Much of the process that has brought us together today caught civil society by surprise. But we hope that what we are doing here today is an honest attempt to further the outcomes of NetMundial, in terms of process as well as reaffirming our multistakeholder commitment to public interest and human rights based internet governance decision making, at the local, regional and international levels.
As Nnenna Nwakanma said at NetMundial opening ceremony “We need to engage all stakeholders at the global, regional and national levels. We need to establish respect and value for stakeholder contributions. We need to enable meaningful participation from developing countries and under-represented groups.” Her points are still valid and can serve as a basis for our engagement today.
For these points to stand true however, we still need:
– an open and inclusive process, where no single stakeholder can hijack the process;
– cooperation and structured knowledge governance;
– transparency and accountability that includes dialogues and debates;
– and meaningfully participation from developing countries.
Each of these takes not just time but also a willingness to learn from and respect the diversity of each stakeholder – their norms, their concerns, and their ways of working together.
We also need to ensure that resources are mobilized and maintained for a viable Internet Governance mechanism. The internet should be able to provide resources for its own governance. One good model is CGI.Br – in addition to being a model for multistakeholder engagement, it could also provide a model for redistribution of funds. CGI.Br invests a significant percentage of the domain name registry revenues in Brazil to support its bodies internally, and CGI.Br also provides external support, by (a) promoting a multistakeholder conference that is hosted in different parts of Brazil every year; (b) funding external research based on public call for proposals; and (c) training stakeholders through a series of training programs, with a Masters in the making.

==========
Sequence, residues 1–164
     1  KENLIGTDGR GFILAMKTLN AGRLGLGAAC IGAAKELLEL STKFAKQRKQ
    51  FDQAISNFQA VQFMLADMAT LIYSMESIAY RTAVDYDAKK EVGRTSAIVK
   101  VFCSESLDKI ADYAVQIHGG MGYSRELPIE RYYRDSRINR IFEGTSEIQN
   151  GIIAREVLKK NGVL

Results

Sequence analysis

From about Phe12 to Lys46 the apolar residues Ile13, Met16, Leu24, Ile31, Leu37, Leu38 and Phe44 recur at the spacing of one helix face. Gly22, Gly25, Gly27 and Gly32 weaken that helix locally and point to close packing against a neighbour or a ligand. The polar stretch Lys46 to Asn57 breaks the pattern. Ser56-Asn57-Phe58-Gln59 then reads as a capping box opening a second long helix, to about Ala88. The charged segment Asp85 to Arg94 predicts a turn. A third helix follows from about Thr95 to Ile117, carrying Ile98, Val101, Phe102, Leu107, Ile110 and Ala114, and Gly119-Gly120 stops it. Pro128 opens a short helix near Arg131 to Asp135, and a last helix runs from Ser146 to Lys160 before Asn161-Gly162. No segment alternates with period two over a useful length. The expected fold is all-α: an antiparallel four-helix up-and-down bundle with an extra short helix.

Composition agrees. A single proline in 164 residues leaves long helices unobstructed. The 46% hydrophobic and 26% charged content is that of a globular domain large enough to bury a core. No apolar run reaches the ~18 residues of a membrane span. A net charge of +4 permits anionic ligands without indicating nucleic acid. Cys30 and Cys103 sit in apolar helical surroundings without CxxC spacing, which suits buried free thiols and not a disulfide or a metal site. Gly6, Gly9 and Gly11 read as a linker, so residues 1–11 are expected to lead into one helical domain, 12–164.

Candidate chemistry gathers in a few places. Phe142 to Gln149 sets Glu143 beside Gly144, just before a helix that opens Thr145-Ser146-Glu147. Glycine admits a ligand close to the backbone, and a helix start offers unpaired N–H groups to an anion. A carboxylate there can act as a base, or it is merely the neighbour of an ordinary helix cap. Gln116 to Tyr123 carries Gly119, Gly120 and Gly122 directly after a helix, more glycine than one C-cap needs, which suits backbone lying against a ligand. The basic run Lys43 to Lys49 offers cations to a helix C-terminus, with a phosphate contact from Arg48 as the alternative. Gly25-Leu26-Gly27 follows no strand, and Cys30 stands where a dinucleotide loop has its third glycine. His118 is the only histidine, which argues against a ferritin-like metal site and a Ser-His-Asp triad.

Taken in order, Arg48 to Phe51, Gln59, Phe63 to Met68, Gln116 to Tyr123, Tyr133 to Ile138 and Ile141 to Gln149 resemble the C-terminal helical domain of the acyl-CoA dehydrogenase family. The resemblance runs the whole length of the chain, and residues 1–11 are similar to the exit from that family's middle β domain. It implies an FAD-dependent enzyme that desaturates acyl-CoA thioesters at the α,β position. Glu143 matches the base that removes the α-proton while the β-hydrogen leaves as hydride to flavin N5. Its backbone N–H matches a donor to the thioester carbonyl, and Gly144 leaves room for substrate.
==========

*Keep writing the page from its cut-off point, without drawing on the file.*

On the substance side, I want to point to two core issues:
(1) Support. The NMI should not subsume or supplant the mandates or efforts of the IGF and other existing internet governance processes and coalitions. Support for these processes was confirmed in both the NETMundial outcome document and the Ilves Report;
(2) Human Rights. Defending and extending human rights online should be the focus of the NMI and at the core of its mission. Any configuration, structure or platform coming out of this initiative should serve as a megaphone for efforts already in place, such as the necessary and proportionate principles and the ICT Guide on Implementing HR principles on Business. These are examples that already have a convergence of multistakeholder interest.
Yet human rights are only mentioned once in the briefing document, in passing in the FAQ, and not at all in the day’s agenda. NMI should work within the framework set out by the UN Human Rights Council and reasserted in the NetMundial outcomes documents, which makes clear that human rights are universal and that the rights that people have offline must also be protected online;
To close, and as my third issue, we must identify the medium to long-term goals of the NMI. Specifically, we need to clarify the NMI's added value, specific purpose(s), and the clearly identifiable and achievable goals that it is going to set for itself. But for that to be successful we need to ensure a participatory, transparent, open, and accountable process, supported by open and accountable processes and platforms (including those used by the open data and open government community), where voices from both the north and the south can provide input. And I hope this will not be defective by design.